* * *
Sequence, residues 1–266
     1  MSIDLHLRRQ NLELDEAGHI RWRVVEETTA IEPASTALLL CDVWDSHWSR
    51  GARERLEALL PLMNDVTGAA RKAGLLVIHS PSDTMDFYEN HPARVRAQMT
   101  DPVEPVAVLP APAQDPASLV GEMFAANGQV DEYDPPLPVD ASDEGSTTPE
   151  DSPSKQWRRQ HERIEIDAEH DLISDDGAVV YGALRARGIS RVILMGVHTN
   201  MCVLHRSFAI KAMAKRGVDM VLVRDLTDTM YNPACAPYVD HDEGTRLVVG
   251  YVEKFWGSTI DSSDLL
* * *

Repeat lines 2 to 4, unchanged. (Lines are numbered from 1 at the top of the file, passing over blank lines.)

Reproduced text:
     1  MSIDLHLRRQ NLELDEAGHI RWRVVEETTA IEPASTALLL CDVWDSHWSR
    51  GARERLEALL PLMNDVTGAA RKAGLLVIHS PSDTMDFYEN HPARVRAQMT
   101  DPVEPVAVLP APAQDPASLV GEMFAANGQV DEYDPPLPVD ASDEGSTTPE